The Consumer Council has named and shamed Great Time Universal (HK), a time-share marketing company, for using high-pressure tactics to sell South Korea time-share holiday club memberships.
The watchdog said the memberships allow members to reserve a room in designated resorts or hotels, usually one week per year.
Membership fees vary by types of accommodation and the length of membership, which can be up to 50 years.
But the council said consumers did not know that reservations could only be made after completion of full membership payments, which range from HK$50,000 to HK$100,000. That makes it much more expensive than if they booked the rooms by themselves.
The council received 48 complaints against the Tsim Sha Tsui-based Great Time between January and August, up from 11 cases in the same period last year. There have been 75 complaints since 2015 involving some HK$2.7 million.
The watchdog said the company typically used cold calls and asked potential clients to respond to a survey, saying they would receive a free gift - usually a five-day vacation resort coupon - to lure them to its office. They were also told they would receive the gift after listening to a 90-minute talk. But the clients were taken to a room filled with loud music and heavy beats to listen a 90-minute sales promotion.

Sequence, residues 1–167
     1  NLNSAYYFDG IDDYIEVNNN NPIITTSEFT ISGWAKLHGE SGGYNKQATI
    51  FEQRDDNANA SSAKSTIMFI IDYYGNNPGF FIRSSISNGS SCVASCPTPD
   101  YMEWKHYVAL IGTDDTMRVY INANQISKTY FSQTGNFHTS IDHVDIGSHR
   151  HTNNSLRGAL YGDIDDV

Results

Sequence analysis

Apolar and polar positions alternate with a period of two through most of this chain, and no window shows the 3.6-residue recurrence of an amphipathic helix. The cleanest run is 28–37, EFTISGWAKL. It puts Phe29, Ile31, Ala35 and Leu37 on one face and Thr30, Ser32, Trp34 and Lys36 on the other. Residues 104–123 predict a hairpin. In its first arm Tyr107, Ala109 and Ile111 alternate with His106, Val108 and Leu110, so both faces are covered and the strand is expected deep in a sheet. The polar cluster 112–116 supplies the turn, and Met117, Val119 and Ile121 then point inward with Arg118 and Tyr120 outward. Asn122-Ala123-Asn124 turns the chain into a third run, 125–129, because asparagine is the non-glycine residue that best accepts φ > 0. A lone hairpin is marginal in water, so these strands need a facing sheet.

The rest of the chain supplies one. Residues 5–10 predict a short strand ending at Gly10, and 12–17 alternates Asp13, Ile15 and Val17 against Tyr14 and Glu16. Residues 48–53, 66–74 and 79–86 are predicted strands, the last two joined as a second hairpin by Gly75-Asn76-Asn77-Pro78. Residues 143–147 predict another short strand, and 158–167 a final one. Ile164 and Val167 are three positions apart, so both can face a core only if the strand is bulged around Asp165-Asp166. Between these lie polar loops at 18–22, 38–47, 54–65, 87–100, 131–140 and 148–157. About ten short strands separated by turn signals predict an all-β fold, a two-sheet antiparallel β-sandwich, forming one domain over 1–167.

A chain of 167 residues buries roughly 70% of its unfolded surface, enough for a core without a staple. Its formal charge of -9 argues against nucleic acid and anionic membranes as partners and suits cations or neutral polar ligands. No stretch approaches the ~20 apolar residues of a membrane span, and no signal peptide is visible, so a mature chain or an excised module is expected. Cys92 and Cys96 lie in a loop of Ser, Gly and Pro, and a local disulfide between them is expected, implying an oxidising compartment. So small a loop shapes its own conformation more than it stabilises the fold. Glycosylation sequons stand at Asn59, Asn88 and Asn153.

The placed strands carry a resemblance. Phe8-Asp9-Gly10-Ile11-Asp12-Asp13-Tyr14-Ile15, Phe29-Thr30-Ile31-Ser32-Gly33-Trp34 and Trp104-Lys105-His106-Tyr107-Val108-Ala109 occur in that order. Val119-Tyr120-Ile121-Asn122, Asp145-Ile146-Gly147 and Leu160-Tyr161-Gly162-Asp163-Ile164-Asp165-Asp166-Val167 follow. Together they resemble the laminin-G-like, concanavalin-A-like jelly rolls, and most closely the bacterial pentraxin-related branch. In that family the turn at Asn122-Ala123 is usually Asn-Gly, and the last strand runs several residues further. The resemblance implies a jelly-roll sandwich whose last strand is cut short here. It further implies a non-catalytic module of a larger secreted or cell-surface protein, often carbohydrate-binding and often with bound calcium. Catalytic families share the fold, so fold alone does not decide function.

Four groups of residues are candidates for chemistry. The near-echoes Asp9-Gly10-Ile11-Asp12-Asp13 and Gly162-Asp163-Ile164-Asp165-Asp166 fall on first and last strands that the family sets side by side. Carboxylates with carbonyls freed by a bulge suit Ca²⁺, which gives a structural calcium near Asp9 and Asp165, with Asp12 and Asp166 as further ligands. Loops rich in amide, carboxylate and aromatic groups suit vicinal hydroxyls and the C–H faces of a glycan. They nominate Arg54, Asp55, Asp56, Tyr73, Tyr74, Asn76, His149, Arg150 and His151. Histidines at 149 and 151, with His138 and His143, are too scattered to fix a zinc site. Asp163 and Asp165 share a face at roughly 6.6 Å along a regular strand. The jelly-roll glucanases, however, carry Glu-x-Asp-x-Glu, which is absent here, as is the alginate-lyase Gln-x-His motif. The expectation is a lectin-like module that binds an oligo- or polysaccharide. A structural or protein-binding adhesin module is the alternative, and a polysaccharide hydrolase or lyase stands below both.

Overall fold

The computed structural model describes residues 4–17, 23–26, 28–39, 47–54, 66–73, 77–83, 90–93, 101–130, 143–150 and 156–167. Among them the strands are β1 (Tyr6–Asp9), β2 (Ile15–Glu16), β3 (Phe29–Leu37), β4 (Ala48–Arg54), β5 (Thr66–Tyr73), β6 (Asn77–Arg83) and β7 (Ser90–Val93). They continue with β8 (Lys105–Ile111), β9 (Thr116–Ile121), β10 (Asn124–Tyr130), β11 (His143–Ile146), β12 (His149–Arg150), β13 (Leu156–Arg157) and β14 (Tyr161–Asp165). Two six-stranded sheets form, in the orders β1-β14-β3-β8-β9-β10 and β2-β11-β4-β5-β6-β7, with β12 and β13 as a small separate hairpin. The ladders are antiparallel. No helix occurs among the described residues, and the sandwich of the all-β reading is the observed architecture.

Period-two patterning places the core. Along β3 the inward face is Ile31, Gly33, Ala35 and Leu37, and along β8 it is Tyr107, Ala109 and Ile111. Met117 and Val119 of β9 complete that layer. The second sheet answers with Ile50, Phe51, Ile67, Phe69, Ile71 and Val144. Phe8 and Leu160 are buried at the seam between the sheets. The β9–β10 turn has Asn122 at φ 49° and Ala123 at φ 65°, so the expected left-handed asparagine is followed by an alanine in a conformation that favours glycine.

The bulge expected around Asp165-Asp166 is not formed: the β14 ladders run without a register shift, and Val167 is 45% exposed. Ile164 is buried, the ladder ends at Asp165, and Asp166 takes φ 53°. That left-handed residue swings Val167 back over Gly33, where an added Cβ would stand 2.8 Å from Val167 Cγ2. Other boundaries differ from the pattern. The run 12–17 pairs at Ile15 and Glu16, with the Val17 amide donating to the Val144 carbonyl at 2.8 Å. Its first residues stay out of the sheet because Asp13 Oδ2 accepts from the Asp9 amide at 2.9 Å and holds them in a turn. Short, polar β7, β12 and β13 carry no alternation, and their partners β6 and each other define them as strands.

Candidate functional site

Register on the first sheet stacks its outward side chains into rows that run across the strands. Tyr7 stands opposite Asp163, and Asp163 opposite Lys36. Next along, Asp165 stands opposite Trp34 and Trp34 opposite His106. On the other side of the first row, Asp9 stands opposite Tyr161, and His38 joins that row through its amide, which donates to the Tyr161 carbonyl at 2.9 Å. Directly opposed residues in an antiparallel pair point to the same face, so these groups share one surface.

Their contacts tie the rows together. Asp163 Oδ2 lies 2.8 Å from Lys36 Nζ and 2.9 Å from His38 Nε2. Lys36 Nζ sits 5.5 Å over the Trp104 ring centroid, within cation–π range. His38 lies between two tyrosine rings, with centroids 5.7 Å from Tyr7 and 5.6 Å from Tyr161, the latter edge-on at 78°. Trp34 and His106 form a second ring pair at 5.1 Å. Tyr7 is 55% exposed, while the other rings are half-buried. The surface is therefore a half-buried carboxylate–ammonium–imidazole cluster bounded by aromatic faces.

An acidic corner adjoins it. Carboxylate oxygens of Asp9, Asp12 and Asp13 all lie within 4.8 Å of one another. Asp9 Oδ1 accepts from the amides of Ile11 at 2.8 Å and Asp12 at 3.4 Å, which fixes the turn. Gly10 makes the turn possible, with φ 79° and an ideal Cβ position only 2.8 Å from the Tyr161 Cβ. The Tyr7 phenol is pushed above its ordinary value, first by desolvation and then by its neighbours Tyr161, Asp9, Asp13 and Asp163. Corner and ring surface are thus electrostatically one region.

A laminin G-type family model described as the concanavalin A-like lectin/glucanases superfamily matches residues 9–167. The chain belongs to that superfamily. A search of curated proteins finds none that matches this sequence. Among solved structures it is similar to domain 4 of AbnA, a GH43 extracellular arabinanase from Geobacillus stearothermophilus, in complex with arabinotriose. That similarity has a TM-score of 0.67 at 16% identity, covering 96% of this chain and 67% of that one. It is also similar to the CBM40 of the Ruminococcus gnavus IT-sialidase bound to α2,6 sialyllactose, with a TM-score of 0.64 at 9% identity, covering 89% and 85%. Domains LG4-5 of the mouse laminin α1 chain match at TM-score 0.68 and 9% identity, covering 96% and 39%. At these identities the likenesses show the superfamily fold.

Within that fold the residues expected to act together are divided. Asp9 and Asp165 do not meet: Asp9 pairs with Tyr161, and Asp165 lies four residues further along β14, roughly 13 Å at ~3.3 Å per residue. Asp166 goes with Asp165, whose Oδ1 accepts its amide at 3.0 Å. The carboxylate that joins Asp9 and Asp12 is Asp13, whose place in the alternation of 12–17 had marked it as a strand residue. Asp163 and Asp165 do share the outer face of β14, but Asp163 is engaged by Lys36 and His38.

Consumer Council chief executive Gilly Wong Fung-han said the firm then used high-pressure sales tactics to make the consumers sign contracts - otherwise they were not allowed to leave.
The company also asked the clients to switch off their phones, surrender their identity and credit cards for registration of the free gift. Wong said they were kept in the office for two to five hours, until very late in the night or even past midnight, until they were worn out and incapable of making rational decisions.
One complainant said after he had finished paying off all monthly installments on his first HK$80,000 contract, he was forced to commit to a further HK$100,000 premium plan.
The council has referred 10 cases to the Customs and Excise Department for further investigation of suspected violations of the Trade Descriptions Ordinance.
Reporters visited the company's office in Star House yesterday, but it was closed.